‘Bright Memory: Infinite’ Review: Titanfall Meets Crysis In Thrilling Single-Player Campaign
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Featured Image Credit: FYQD-Studio, PLAYISM
As I shoot and slice my way through hordes of sci-fi soldiers and mythical demons, I'm in awe of Bright Memory: Infinite. This slick, ambitious title takes all the positives of its predecessor, Bright Memory, and adds a more refined feel to its two-hour campaign. While that may sound short to some, I can assure you that it’s all but infinitely replayable.
Watch our gameplay video of Bright Memory: Infinite here
You play as Shelia, an agent of the Supernatural Science Research Organization (SRO). Shelia (that’s not a typo), is tasked with investigating an apocalyptic phenomenon, and to do this she’ll need to eliminate waves of enemies. This is where you come in, wielding bullets and blades like the perfect killing machine.
Story aside, Bright Memory: Infinite is all about the arcade-like gameplay. The violent harmony as you swap between weapons in order to spectacularly put down your opponents is so epic that it almost feels like you’ve entered first-person perspective in a Devil May Cry title. Squeeze off some rounds, dodge an attack, stun a foe with a special ability, unleash your futuristic sword, and before you know it, you’ll be surrounded by an array of corpses from different eras.
You see, you’ll fight a welcome array of enemies in Bright Memory: Infinite. Some of them are basic FPS fodder, like the enemy grunts in their unsettling, astronaut-style suits. But then you have giant Chinese demons, capable of flattening you with a single throw of a boulder. The variety of baddies keeps you engaged all the way, even if some of them are ridiculous bullet sponges.
There’s a whole host of references visible when playing Bright Memory: Infinite. The sci-fi FPS feel evokes the Crysis series, as well as SEGA’s cult hit Binary Domain. The smooth, fast-paced movement brings to mind the Titanfall games, as well as some Call of Duty titles. Then there are the Dark Souls-esque enemies, from sword and shield-wielding warriors, to enormous, monstrous bosses. This string of influences is numerous, but it all combines into a unique gaming experience.
Sadly, it’s not all smooth sailing. During the review phase, Bright Memory: Infinite crashed several times. Each one forced a reboot of the game that wasn’t too bad to live with, but one happened just as I’d beaten a boss and sent me all the way back to the start of the fight. Given just how arduous a scrap it was on my first go, I was understandably annoyed.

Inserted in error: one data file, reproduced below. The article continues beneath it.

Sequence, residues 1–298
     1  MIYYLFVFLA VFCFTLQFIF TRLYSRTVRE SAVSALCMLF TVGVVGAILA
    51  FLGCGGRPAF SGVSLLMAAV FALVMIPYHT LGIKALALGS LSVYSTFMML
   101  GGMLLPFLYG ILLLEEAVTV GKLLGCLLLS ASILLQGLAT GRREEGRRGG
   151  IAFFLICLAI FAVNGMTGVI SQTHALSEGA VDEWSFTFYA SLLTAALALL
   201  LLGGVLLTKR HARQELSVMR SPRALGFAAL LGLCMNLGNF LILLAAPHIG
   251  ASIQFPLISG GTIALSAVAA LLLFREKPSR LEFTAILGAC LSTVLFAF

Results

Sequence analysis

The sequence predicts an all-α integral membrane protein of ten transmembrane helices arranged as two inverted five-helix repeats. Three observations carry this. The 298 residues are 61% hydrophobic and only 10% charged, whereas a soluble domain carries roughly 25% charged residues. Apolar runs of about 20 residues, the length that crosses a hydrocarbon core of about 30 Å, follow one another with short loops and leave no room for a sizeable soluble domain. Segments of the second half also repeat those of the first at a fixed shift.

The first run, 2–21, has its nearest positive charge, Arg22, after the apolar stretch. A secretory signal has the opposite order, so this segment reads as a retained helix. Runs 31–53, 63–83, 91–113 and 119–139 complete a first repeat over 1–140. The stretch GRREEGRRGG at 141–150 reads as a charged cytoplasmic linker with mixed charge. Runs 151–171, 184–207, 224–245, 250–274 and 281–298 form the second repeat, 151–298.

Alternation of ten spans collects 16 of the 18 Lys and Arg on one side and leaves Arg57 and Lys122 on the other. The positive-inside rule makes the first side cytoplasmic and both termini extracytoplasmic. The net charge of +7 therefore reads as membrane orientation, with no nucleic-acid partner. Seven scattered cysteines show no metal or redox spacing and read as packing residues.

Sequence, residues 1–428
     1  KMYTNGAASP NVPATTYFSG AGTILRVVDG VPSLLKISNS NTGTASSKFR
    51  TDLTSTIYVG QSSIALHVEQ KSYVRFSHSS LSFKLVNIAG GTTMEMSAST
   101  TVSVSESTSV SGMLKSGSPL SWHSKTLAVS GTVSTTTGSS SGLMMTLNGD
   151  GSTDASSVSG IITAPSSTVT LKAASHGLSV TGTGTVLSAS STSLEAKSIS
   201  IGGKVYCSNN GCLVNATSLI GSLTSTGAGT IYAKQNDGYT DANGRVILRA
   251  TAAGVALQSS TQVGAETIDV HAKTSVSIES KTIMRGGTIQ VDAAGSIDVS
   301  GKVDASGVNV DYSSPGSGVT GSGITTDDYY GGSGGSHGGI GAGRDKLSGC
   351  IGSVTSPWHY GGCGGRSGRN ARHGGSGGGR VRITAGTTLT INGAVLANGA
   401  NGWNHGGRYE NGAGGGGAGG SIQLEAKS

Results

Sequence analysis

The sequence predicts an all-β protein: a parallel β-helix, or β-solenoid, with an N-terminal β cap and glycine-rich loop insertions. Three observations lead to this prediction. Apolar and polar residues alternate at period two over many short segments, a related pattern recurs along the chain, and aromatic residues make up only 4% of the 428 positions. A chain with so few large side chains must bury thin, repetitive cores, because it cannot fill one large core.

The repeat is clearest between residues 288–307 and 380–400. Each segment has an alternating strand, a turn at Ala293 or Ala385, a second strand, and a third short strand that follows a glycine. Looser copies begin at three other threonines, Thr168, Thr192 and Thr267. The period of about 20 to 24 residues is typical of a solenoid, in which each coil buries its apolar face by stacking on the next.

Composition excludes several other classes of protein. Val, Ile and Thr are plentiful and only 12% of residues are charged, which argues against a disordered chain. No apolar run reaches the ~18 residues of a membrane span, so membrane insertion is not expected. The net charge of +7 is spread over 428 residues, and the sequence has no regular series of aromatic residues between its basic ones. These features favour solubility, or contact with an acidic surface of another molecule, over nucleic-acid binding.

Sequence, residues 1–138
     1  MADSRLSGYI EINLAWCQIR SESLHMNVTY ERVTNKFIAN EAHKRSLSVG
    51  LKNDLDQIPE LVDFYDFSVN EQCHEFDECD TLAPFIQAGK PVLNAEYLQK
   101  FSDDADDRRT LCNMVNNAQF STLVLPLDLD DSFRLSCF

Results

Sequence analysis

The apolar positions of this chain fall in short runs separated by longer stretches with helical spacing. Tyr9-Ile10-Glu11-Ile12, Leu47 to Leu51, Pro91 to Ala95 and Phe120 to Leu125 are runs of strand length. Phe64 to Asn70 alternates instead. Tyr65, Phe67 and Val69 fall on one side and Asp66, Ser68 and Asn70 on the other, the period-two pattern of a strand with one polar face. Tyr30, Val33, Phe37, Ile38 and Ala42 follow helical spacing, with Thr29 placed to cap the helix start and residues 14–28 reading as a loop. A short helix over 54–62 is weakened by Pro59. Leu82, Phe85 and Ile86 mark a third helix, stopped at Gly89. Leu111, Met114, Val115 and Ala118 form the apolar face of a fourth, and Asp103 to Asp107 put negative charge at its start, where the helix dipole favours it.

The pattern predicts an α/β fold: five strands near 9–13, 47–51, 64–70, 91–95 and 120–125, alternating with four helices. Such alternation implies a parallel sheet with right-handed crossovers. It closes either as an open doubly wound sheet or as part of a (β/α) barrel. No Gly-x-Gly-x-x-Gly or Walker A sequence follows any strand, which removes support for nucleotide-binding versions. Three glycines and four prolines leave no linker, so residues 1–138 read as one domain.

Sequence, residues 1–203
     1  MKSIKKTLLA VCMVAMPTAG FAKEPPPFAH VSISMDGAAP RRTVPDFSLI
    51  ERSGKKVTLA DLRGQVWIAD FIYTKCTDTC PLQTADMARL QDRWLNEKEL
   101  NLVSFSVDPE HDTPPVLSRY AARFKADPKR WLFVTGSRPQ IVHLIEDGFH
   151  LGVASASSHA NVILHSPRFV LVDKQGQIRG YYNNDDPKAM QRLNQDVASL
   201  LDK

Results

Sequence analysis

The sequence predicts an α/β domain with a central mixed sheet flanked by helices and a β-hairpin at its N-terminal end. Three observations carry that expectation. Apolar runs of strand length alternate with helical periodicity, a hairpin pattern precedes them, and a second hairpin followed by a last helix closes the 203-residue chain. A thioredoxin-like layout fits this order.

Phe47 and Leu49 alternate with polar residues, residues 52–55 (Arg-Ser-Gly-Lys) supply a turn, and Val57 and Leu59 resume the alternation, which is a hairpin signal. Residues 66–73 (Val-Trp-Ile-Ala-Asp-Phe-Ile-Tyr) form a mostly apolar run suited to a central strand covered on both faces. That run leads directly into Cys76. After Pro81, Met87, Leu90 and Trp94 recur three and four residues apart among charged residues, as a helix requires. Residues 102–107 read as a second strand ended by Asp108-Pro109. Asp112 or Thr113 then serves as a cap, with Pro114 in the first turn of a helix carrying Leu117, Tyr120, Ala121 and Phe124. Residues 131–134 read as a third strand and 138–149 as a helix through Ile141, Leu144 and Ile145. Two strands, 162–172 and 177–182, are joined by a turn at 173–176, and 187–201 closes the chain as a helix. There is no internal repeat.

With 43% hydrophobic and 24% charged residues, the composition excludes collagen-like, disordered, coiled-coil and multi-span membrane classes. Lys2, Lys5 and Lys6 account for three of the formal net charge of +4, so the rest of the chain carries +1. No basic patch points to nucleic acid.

However, publisher PLAYISM has confirmed one patch already to deal with the issue, and one would assume more fixes are on the way. Here’s hoping developer FYQD-Studio gets on top of this, because Bright Memory: Infinite really is superb when it’s running properly.
There’s also the issue of quick time events. This staple of ‘00s gaming feels long past its welcome at this point, and its presence in Bright Memory: Infinite is no exception. Add to that the fact all cutscenes are unskippable (including those without QTEs) and you’ll find repeat plays lack the ideal pace.
Despite these drawbacks, there is an awful lot to like about Bright Memory: Infinite. Fighting crowds of enemies never gets old, especially when it’s broken up by superb boss fights, a thrilling car chase and some visually spectacular set pieces. More of it would be nice, but this instalment in the Bright Memory franchise is enough for now.
For a short, replayable FPS game, Bright Memory: Infinite really is a stunning creation. Like its prequel, it is engaging, exciting and extraordinarily fun. Similar to many Resident Evil titles, it’s perfect for playing through multiple times, and it’s a game I urge any first-person shooter fan to play.
Pros: Frenetic gameplay, variety of weapons, memorable enemies
Cons: Crashed multiple times, some players may prefer a longer runtime
For fans of: Bright Memory, Crysis series, Titanfall series
7/10: Very Good
Bright Memory: Infinite releases November 12, 2021 for PC via Steam. Game tested with code provided by the publisher. Find a guide to GAMINGbible's review scores here.